Blurring the Lines of ‘Suburban Girl’ and ‘Buffy’: A.K.A. I Love You, Sarah Michelle Gellar

This post is one third a review/discussion of Suburban Girl, one third Sarah Michelle Gellar love, and one third desperately angsting over being done Buffy. I’m already well aware that I’m writing this as some sort of therapeutic effort to work through my Buffy obsession and that it will only serve to confuse and alarm many readers. I will be thrilled if you read and find humor or enjoy the fan!squee of the post, but if not, you may sit back and wait for more posts about food, awkward situations, or other television, and I will not be offended.

After watching all seven seasons of Buffy during my three weeks home bonding with my Netflix instant watch, I felt extraordinarily empty. Sure there was Angel: The Series, but the first three episodes just made the aching, gaping Buffy Summers shaped hole in my heart more profound. Realization dawned. It was Sarah Michelle Gellar I was missing. My Netflix recommendations understood this before I did as it kept trying to get me to watch shows and movies that were “like” Buffy in the sense that one of Buffy’s actors was in said movie or show. Suburban Girl caught my eye because it not only starred SMG but Alec Baldwin. That is what I call a win—a show that unites two actors who play(ed) incredible characters on incredible shows. Oh, and freaking Maggie Grace is in it too, a.k.a., Shannon from Lost, who I proudly love love love despite her initial (seemingly) awfulness. Also Luke from The O.C. is in it, but I can’t be bothered to look up the actor’s name, and something tells me more people will identify “Luke from The O.C. than whatever his name really is. No offense, handsome actor man in the off chance you happen upon this.)

My first thought while watching this movie was, “What has Buffy SMG done with her hair in this film. Why is Maggie Grace the only blonde one? Unacceptable.” But cool factor—her character’s name is Brett after the character from The Sun Also Rises, which I’ve been trying to finish for the past few months. I like this book but only seem to pick it up at odd intervals and make no real progress. Mainly because I like the words but not really the story. Oh, Hemmingway, you and your words.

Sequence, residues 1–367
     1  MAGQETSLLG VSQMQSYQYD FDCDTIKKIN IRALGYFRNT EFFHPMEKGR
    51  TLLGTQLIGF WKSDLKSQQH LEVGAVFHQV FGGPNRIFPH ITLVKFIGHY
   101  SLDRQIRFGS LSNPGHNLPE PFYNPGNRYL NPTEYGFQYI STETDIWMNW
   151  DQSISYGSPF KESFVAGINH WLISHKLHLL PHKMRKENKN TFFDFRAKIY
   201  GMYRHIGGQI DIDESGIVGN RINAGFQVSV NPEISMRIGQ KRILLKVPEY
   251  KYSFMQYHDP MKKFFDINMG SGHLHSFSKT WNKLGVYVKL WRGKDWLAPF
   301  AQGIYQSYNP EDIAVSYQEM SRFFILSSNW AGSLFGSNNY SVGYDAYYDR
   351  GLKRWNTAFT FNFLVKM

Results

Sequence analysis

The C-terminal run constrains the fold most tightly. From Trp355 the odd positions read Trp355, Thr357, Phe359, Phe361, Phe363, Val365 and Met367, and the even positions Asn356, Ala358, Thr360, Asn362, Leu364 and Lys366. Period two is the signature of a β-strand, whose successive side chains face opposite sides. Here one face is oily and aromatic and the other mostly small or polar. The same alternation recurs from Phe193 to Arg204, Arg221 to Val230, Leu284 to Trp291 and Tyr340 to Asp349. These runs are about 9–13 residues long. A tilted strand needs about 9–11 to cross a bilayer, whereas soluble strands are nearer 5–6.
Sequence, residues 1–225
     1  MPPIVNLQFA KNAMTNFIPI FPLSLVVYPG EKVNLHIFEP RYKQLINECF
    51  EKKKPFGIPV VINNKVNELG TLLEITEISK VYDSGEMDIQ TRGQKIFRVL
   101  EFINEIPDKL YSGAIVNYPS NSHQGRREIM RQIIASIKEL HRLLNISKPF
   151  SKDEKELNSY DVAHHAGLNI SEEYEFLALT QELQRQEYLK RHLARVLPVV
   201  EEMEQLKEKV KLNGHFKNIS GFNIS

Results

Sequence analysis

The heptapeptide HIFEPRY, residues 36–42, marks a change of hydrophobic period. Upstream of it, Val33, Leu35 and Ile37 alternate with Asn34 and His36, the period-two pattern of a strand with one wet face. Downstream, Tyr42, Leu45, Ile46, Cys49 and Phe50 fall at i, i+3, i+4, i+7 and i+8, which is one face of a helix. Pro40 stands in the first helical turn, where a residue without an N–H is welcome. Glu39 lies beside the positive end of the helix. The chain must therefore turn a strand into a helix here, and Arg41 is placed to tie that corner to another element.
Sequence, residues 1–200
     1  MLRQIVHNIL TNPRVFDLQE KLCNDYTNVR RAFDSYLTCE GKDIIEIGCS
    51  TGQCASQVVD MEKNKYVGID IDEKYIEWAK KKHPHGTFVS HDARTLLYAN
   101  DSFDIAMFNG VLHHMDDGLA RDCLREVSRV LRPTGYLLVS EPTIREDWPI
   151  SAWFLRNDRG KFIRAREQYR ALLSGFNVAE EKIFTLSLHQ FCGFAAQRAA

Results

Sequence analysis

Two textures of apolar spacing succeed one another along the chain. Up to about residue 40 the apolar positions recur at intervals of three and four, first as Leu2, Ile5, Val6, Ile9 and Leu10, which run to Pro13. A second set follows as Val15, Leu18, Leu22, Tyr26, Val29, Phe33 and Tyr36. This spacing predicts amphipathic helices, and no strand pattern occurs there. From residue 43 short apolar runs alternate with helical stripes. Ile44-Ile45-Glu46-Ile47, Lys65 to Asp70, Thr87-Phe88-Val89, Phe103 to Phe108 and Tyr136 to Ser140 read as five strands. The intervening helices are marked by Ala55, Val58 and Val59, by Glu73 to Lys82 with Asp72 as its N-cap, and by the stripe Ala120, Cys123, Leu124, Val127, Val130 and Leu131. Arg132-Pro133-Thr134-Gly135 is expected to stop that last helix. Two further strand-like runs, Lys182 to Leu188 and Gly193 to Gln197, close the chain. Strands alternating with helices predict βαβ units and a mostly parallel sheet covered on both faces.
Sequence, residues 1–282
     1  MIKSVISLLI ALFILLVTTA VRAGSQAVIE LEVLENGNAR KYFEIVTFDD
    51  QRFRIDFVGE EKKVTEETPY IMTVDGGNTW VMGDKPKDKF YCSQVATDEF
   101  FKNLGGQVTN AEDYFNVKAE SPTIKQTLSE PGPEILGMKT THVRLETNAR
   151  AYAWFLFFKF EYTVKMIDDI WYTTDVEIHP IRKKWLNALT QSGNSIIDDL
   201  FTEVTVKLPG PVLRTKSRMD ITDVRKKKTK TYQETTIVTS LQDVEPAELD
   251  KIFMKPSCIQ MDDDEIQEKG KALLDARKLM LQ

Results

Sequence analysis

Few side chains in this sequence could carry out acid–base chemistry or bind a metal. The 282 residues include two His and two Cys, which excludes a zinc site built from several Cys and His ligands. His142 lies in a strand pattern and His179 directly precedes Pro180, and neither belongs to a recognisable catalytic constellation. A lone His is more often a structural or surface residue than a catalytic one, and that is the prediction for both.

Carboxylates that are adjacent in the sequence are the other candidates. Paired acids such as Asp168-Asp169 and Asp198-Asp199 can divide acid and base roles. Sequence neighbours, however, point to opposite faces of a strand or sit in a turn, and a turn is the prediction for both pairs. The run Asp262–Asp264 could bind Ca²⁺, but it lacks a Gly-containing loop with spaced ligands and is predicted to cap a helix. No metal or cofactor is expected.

Brett is an aspiring editor, while Baldwin plays Archie a high-powered editor who takes an interest in Brett because SMG is prettyful because of her mind. Lolnototallynothermind.

There is a scene about 12 minutes in where I was making Buffy jokes in my head, when I swear to god Archie says, “Goodnight, Buffy,” and I re-watched it four times, and it still sounded the same, or maybe he’s saying Pumpkin, I cannot freaking tell. I also couldn’t figure out how to turn subtitles on, but whatever, he totally said Buffy. Maybe. Probably not. Okay, just saw the end of the movie, and he says the same line. He’s actually saying “bumpkin”. Hoookay.

But then again, what if this is some strange alternate universe where Buffy moves on with her life by becoming an editor, and the boyfriend she mentions who is in Europe finding himself is Spike or Angel, and Archie is actually not that much older than her when you think of this whole thing in the context of her usual penchant for dating vampires who are indeed much older than she. Nope, not the case. The boyfriend who is abroad is The O.C. dude.

Then there’s a scene where she is pulled aside by her two work friends (Willow and Xander), and she’s all, “Oh my god Seaver, blah blah blah”, but Seaver sounds like Xander. Sort of. It sounds like it enough. Oh my god I’m going through Buffy withdraw.

I won’t go into detail about the context of this line but it bears repeating in this post:

Brett: “Does it have a happy ending?”

Archie: “You deserved one.”

My thoughts about both Brett and Buffy, Archie.

The end of Suburban Girl echoed Buffy a little; both Buffy and Brett have a whole future ahead of them. It’s just the beginning. They both leave behind something safe for a new and unknown world.

I didn’t think I was going to enjoy this movie as much as I did, but it just worked for me. I love two characters sharing a connection. It doesn’t have to be true love or happily ever after, just a connection that made two people human, alive. Buffy was chock full of that. Don’t get me started on all the romantic and platonic relationships of the show that I think fit this bill or I will go on a hell of a tangent, which will probably end up happening in a separate post because this is my blog and if I want to talk about Buffy a whole lot, I can and might.

I also loved that the movie didn’t bash age gap relationships as a whole—Brett and Archie definitely had something real, but Brett realized their specific relationship was way too teacher/student, and she couldn’t have a “cheat-sheet” for life in him. Plus there was the whole weird daughter and father stand-in situations that were really icky to analyze, but whatever. It was a real relationship, and Brett is awesome and not a victim or anything like that (the same way Buffy refused to be.) And all I’m left wanting is for Buffy to fall into an alternate universe and meet Brett and learn things about love and life and futures, and perhaps become an editor or writer herself and write like a memoir about being a slayer and get really rich and famous and have Angel and Spike confront her about how they’re portrayed, or based on her portrayal of all of them they understand her better. Then somehow everyone lives happily ever after or something. OH! Even better, both Brett and Buffy exist in the same world, Brett as Buffy’s ghost-writer/editor of this book, and one of them ends up with Spike (probably Brett) and the other ends up with Angel (probably Buffy), and then everyone is really fucking happy. Oh my god. Someone get Joss Whedon and everyone from Suburban Girl on the phone.


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